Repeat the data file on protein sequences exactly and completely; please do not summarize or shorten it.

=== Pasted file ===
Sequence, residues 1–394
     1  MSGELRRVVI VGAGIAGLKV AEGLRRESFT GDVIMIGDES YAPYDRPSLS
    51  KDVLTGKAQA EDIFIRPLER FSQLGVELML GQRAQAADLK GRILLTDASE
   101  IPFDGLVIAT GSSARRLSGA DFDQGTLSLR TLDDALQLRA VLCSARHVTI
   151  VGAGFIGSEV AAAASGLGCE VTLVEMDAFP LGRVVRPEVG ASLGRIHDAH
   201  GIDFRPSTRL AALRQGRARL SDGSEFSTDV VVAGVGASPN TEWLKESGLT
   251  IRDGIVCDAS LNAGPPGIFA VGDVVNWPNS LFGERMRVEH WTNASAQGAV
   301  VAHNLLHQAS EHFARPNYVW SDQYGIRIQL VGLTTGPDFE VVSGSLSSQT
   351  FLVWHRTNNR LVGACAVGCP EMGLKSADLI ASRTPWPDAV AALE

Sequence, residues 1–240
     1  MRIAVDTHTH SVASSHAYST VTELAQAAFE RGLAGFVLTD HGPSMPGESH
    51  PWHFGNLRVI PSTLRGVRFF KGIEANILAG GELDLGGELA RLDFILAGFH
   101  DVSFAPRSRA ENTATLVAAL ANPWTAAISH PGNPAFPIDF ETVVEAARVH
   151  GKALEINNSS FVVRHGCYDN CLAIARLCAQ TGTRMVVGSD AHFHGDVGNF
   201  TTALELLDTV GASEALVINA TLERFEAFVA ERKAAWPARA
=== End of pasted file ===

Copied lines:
Sequence, residues 1–394
     1  MSGELRRVVI VGAGIAGLKV AEGLRRESFT GDVIMIGDES YAPYDRPSLS
    51  KDVLTGKAQA EDIFIRPLER FSQLGVELML GQRAQAADLK GRILLTDASE
   101  IPFDGLVIAT GSSARRLSGA DFDQGTLSLR TLDDALQLRA VLCSARHVTI
   151  VGAGFIGSEV AAAASGLGCE VTLVEMDAFP LGRVVRPEVG ASLGRIHDAH
   201  GIDFRPSTRL AALRQGRARL SDGSEFSTDV VVAGVGASPN TEWLKESGLT
   251  IRDGIVCDAS LNAGPPGIFA VGDVVNWPNS LFGERMRVEH WTNASAQGAV
   301  VAHNLLHQAS EHFARPNYVW SDQYGIRIQL VGLTTGPDFE VVSGSLSSQT
   351  FLVWHRTNNR LVGACAVGCP EMGLKSADLI ASRTPWPDAV AALE

Sequence, residues 1–240
     1  MRIAVDTHTH SVASSHAYST VTELAQAAFE RGLAGFVLTD HGPSMPGESH
    51  PWHFGNLRVI PSTLRGVRFF KGIEANILAG GELDLGGELA RLDFILAGFH
   101  DVSFAPRSRA ENTATLVAAL ANPWTAAISH PGNPAFPIDF ETVVEAARVH
   151  GKALEINNSS FVVRHGCYDN CLAIARLCAQ TGTRMVVGSD AHFHGDVGNF
   201  TTALELLDTV GASEALVINA TLERFEAFVA ERKAAWPARA